Characteristic #2: Building Trust and Confidence

By | September 9, 2013

Trust is like an Eraser[September 9, 2013]  A fundamental attribute of the senior executive leader is the ability to build trust and confidence in the people who work for us, supervisors, peers and associates, and clients.

Building and management of that trust and confidence ranks as one of the top factors to achieve and sustain high levels of organizational strength.  It is also a measure of the senior executive leader’s successful performance.

To lose that trust and confidence is easy.  A loosely translated and often quoted Dutch proverb says “trust arrives on foot, but departs on horseback.”  Another way to interpret the proverb is to say that a single stupidity can ruin your reputation that took years to build.

For those of us at the senior executive level, this is intuitively obvious; we could not have achieved this status without our personal efforts to realize this very trust and confidence.  Good communications, breaking down information stovepipes (or silos), making it easy for everyone to interact, and building a culture of open dialogue and truthfulness goes a long way to ensuring the maintenance of that trust.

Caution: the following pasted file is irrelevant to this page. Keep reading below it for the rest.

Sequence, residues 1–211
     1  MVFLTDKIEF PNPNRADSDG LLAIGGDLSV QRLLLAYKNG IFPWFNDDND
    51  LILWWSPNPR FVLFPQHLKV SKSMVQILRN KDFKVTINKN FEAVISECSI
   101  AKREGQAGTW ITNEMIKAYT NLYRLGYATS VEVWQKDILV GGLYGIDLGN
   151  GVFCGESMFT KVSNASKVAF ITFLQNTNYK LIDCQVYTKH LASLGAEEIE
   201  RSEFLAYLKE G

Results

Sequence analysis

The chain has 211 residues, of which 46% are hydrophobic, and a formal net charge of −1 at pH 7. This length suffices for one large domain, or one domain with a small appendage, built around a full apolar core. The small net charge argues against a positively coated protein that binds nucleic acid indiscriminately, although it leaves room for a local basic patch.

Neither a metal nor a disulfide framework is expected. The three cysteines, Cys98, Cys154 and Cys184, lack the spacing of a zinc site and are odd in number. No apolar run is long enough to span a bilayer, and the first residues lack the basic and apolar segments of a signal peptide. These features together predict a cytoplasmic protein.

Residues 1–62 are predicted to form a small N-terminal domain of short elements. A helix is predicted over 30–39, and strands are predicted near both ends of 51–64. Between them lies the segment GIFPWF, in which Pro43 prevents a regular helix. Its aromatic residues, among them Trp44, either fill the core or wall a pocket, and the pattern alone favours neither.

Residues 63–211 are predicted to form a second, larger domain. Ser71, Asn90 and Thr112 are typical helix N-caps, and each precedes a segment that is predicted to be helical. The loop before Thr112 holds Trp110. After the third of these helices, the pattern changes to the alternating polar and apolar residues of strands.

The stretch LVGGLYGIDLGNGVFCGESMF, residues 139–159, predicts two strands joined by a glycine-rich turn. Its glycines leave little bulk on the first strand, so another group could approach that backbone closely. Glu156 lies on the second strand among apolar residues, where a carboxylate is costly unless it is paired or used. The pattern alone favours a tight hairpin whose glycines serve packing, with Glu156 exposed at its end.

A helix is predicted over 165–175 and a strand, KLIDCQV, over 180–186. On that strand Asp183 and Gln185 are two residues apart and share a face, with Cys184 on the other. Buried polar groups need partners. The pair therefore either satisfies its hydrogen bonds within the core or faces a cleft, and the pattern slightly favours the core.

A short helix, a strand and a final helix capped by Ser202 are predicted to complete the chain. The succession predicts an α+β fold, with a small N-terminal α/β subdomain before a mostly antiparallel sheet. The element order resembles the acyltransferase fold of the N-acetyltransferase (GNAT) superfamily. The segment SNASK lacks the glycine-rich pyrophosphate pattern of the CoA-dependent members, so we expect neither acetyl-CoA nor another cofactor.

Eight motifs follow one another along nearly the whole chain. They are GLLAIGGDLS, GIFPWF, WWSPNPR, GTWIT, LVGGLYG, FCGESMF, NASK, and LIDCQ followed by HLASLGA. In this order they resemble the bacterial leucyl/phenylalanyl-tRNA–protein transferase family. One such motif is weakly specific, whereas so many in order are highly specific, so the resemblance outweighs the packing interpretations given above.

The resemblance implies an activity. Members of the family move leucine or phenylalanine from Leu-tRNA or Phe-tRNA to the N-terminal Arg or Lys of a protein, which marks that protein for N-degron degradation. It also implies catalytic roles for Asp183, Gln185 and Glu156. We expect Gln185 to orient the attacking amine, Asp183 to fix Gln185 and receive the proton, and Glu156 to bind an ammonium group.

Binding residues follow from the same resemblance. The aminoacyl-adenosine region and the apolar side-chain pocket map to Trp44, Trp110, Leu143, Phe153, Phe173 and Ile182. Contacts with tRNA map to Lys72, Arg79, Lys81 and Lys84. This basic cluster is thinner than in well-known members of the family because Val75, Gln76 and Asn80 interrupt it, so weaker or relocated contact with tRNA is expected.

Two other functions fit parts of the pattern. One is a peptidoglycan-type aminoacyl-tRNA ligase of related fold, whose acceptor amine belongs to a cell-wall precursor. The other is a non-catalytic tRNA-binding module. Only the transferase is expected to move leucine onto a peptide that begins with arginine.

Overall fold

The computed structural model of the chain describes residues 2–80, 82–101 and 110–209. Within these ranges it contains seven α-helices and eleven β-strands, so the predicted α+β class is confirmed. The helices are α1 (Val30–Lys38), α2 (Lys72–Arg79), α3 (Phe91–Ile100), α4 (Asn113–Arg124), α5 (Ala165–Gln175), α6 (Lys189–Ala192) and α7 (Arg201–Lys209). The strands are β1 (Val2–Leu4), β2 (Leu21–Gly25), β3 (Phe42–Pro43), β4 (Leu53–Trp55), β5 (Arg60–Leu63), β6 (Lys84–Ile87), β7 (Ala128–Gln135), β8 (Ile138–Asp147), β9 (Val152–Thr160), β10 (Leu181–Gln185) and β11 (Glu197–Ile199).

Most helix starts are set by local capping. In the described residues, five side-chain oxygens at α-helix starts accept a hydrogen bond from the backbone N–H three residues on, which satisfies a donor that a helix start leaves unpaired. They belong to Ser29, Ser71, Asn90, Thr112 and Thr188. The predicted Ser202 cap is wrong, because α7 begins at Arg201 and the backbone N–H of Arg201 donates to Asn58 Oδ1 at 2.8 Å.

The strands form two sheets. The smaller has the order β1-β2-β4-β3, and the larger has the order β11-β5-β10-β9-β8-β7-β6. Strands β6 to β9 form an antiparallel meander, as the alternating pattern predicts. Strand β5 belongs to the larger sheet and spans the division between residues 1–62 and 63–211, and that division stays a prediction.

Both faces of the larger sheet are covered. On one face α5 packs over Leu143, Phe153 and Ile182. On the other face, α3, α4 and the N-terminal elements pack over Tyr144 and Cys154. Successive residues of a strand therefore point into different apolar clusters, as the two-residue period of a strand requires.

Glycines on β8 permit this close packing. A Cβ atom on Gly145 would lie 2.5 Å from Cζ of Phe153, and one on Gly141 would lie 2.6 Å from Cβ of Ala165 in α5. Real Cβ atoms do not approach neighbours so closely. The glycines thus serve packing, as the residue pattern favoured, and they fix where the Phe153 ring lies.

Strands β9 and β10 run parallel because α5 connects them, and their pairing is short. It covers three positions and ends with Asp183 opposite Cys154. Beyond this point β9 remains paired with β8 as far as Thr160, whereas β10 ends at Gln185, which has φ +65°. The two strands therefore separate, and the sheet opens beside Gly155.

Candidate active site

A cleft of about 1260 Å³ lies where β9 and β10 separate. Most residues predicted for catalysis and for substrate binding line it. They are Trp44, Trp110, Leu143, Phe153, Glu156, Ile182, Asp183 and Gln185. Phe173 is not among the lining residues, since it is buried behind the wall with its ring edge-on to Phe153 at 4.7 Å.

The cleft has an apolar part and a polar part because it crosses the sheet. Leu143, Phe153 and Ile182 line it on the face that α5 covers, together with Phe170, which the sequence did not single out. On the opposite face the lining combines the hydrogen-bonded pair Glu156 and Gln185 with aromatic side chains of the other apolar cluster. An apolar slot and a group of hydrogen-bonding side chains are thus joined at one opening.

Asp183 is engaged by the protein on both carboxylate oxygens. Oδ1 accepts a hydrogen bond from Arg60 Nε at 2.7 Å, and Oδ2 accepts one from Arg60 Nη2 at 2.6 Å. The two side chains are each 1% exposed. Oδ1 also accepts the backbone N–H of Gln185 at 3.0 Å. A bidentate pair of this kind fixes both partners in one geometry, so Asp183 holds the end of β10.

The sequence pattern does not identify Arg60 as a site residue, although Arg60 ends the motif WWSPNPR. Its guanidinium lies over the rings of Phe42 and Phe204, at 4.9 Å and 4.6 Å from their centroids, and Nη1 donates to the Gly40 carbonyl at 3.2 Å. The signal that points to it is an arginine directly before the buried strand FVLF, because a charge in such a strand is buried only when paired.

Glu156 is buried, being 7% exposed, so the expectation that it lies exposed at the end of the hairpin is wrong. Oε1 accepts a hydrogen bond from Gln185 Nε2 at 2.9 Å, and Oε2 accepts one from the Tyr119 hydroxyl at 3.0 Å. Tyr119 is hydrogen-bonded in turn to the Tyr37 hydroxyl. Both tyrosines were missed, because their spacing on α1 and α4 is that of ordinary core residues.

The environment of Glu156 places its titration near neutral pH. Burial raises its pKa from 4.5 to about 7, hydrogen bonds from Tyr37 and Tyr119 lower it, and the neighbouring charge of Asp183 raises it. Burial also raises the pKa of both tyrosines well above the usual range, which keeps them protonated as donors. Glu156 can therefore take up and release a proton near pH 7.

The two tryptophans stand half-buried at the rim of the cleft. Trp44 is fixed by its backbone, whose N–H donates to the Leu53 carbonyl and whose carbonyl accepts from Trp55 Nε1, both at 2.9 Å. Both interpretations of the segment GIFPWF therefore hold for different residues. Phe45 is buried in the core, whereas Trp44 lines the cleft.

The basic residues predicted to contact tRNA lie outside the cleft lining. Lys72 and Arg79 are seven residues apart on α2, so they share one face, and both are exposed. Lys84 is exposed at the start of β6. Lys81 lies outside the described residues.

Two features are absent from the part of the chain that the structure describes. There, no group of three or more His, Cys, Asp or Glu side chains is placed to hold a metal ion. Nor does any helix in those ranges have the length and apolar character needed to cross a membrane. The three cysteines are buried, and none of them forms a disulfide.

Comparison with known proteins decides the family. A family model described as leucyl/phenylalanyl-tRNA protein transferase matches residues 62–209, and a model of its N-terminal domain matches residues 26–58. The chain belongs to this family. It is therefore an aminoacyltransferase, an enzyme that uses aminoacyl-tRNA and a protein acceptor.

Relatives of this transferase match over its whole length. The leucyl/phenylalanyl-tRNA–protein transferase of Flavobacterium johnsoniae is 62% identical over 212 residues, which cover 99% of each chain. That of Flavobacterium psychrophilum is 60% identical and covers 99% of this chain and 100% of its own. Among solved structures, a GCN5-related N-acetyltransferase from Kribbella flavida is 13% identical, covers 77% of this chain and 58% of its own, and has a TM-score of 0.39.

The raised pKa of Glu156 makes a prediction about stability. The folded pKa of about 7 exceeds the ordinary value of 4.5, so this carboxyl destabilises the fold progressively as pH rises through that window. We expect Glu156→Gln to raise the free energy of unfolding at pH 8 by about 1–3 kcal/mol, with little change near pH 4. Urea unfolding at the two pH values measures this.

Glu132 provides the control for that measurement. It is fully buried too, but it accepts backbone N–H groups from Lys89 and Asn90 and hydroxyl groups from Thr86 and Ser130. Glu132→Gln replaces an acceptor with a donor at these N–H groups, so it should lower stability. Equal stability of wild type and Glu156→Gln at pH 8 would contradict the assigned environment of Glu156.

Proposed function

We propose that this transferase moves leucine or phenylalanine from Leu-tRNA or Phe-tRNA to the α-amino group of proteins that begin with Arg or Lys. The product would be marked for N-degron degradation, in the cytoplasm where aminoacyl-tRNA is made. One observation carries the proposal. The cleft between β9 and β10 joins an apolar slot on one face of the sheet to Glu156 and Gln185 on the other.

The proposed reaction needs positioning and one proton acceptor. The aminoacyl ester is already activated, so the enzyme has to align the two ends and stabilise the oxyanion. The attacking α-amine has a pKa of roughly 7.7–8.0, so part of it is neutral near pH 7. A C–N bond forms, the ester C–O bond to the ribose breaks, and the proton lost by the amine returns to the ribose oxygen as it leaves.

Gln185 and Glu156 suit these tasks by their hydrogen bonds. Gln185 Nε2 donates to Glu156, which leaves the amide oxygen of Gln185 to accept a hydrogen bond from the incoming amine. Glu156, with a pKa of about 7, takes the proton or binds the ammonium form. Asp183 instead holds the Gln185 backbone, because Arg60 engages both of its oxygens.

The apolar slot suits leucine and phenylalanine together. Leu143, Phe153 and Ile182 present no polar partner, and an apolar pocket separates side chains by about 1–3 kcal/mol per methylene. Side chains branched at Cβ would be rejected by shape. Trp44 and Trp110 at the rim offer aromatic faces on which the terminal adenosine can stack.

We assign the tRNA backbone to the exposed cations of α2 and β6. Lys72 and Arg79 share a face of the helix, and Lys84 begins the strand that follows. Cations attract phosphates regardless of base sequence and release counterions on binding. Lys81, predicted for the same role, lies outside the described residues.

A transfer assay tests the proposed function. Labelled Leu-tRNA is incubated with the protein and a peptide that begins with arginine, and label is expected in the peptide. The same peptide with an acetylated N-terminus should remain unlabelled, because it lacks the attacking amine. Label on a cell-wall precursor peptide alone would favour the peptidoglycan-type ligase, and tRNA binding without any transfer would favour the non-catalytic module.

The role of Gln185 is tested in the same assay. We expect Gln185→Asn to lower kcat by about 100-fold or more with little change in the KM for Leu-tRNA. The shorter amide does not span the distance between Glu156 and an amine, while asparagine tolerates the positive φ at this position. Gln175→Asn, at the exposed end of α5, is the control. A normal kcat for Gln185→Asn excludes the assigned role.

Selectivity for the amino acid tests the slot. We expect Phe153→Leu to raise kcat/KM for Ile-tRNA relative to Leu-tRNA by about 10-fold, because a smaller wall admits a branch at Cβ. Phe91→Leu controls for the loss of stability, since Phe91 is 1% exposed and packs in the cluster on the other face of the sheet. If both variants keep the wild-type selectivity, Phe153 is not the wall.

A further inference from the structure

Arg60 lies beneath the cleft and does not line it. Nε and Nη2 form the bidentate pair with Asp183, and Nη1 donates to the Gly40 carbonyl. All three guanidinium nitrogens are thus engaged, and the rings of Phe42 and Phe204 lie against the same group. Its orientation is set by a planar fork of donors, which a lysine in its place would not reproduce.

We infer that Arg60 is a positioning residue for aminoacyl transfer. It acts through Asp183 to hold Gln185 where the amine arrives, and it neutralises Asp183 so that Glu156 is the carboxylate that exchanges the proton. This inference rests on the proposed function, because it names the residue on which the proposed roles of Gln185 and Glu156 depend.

Under the rubric of the “Art of Senior Leadership”, personal relationships enable leaders to build the trust and confidence that all organizations need.  Of course, trust and confidence is very labor intensive, is built over time, and cannot be “surged” like personnel, equipment, and money can be when needed to accomplish a task.

As senior executive leaders, we should always be on the lookout for opportunities to improve upon professional relationships and to know that this is one of the senior leader’s most valued and irreplaceable commodities.

Here are a few things we should do that will go far in building trust and confidence:

– be helpful

– provide good communications

– provide a clear, understandable vision

– make all your processes transparent

– be principled and consistent in making decisions

– be prepared

– have a positive attitude of humility

– have the courage to take on difficult problems

The personal skill sets required to build and maintain trust and confidence starts with a high level of maturity and confidence in the senior executive leader.  Humility is another (a future blog post on this topic).  Senior executive leaders should be mindful that they occupy a position of trust, and to sacrifice or to lose that trust is far easier than we think.

Trust and confidence will be a recurring theme in this blog, for it is the foundation that supports the pillars of our organization and is the means for measuring success.

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Author: Douglas R. Satterfield

Hello. I'm Doug and I provide at least one article everyday on some leadership topic. I welcome comments and also guests who would like to write an article. Thanks for reading my blog.